Wednesday, April 08, 2009


L for Lavender

HERE is a pretty site to find out about all the wonderful pleasures Lavender can bring you, - its fragrance, its use in cooking, in aromatherapy, in cosmetics, and just making you feel you're pampered and in heaven.

And while you're there listen to this lovely song, sung by Burl Ives. It will stir your imagination and send you to wander in days gone by amid the romance of your grandparent's era.

And here are some lyrics from days gone by that are slightly more risque than the modern version of 'Lavender's blue, dilly dilly"

Lavender's blue, diddle diddle
Lavender's green,
When I am king, diddle diddle
You shall be queen.

Lavender's green, diddle diddle
Lavender's blue,
You must love me, diddle diddle
'Cause I love you.

Down in the vale, diddle diddle
Where flowers grow,
And the birds sing, diddle diddle
All in a row.

A brisk young man, diddle diddle
Met with a maid,
And laid her down, diddle diddle
Under the shade.

There they did play, diddle diddle
And kiss and court.
All the fine day, diddle diddle
Making good sport.

I've heard them say, diddle diddle
Since I came hither
That you and I, diddle diddle
Might lie together.

Therefore be kind, diddle diddle
While here we lie,
And you will love, diddle diddle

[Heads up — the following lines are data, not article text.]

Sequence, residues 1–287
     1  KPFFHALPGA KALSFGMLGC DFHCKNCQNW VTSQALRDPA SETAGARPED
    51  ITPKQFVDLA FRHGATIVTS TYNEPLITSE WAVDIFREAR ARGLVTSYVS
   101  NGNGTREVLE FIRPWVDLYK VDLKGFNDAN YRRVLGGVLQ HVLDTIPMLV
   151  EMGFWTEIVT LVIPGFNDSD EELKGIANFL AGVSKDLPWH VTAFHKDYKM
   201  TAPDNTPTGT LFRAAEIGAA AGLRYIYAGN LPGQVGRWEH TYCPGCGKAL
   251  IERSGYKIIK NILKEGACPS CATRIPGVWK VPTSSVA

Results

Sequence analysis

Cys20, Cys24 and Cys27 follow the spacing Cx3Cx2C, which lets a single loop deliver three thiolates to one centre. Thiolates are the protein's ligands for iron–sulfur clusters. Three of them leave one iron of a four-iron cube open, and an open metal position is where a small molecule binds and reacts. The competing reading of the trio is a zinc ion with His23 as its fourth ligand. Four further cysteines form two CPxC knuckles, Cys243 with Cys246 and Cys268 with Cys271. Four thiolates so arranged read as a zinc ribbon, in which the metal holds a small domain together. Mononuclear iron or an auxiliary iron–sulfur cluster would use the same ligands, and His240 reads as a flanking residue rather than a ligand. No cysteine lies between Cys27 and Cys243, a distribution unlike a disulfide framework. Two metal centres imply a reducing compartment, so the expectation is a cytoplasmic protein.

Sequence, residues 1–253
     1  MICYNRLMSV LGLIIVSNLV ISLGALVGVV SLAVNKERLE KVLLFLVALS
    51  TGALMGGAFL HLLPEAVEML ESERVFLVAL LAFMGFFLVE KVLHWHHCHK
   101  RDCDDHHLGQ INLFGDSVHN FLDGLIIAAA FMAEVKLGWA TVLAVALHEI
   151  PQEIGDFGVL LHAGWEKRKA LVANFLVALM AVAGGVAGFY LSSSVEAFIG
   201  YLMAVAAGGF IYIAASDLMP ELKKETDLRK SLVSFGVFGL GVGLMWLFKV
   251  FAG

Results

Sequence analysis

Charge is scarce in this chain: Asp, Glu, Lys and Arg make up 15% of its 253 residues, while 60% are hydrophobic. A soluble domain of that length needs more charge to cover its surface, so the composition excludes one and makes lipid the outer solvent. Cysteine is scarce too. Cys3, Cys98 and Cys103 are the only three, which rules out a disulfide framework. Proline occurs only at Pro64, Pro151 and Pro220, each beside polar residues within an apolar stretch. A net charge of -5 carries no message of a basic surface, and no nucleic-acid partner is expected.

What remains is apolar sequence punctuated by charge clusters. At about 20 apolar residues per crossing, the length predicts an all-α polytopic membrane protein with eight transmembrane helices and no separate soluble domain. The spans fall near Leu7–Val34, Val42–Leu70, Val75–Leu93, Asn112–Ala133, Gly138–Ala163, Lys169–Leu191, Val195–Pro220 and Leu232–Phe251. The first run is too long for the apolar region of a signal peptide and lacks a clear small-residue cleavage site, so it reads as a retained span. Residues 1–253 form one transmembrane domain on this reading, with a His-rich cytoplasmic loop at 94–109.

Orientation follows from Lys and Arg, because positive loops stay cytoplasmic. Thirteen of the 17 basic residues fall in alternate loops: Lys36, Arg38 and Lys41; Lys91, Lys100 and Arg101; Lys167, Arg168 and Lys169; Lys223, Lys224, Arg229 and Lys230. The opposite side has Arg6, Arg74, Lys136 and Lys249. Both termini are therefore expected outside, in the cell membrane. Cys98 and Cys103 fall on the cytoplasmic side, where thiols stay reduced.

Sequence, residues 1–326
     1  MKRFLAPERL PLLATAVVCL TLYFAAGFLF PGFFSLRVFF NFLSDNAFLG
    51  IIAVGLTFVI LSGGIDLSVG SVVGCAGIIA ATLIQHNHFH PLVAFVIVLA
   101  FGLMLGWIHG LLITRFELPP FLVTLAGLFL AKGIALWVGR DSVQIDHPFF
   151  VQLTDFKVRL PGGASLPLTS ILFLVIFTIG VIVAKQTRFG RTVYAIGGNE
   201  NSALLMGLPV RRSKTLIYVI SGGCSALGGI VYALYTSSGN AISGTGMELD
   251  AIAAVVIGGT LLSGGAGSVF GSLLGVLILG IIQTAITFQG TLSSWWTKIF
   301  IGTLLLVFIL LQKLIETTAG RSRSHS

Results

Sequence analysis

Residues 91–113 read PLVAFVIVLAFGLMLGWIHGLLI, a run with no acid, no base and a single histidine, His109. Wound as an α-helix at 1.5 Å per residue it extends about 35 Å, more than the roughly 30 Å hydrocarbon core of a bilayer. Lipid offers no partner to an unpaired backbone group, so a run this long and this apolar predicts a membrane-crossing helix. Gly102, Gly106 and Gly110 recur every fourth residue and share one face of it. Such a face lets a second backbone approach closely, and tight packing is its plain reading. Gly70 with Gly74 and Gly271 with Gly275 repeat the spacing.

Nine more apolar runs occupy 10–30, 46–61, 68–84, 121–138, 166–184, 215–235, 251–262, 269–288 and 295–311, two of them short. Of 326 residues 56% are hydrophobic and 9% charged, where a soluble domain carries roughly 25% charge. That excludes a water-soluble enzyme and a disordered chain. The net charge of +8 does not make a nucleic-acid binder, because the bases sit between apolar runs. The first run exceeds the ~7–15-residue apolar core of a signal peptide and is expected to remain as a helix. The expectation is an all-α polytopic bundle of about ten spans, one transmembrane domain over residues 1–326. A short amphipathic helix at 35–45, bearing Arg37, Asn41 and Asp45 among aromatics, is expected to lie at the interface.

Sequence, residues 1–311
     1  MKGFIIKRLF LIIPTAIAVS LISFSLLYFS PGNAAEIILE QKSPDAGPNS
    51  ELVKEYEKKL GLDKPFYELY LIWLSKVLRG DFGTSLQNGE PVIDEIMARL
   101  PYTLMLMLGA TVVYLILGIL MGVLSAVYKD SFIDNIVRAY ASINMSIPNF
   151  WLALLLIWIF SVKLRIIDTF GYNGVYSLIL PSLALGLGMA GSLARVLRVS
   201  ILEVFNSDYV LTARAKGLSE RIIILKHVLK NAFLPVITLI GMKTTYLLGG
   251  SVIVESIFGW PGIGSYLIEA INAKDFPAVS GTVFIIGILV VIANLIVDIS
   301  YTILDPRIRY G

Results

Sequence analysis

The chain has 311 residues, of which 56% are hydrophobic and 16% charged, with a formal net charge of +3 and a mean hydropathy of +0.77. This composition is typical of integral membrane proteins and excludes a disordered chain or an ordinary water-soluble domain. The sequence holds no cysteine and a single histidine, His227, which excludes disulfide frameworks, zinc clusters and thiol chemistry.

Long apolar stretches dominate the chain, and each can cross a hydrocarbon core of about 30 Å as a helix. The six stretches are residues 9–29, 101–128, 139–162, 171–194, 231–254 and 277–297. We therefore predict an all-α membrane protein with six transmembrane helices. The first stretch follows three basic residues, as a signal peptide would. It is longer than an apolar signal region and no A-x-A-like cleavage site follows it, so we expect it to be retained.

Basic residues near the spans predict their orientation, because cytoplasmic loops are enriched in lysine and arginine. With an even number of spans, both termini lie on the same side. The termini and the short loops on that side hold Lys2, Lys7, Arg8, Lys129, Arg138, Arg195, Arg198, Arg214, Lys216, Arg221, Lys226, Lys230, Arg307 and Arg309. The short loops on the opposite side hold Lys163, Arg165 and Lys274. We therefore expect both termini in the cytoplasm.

My dog and I.

For you and I, diddle diddle
Now all are one,
And we will lie, diddle diddle
No more alone.

Lavender's blue, diddle diddle
Lavender's green,
Let me be king, diddle diddle
You be the queen.

Lavender's green, diddle diddle
Lavender's blue,
You must love me, diddle diddle
'Cause I love you.

Edward Rutherford, author of London, linked the song to the environs of London where in the 17th-century London lavender was cultivated for perfume.**

An enchanting fragrance.....


Powell River Books said...

Lavender is so wonderful. They grow it quite a bit up in the Pacific Northwest. I invite you to come see my 10,000 year old lake water. - Margy

The Weaver of Grass said...

I went to Provence to see the lavender fields and was too early to see them in bloom.
I know the poem you quote although here in UK we say "dilly, dilly" rather than Diddle. It is also set to music as a children's Nursery Rhyme.

Fonnell/Grammie/mom said...

Oh my head knows this song by heart but I don't know why, it must be deep in my childhood. We sang it dilly dilly too. Mr. Ives lived just up state from us and I always pictured myself sitting on his porch listening to him sing and play. Sad when he left us!
Now take a deep breath and see if you can smell purple!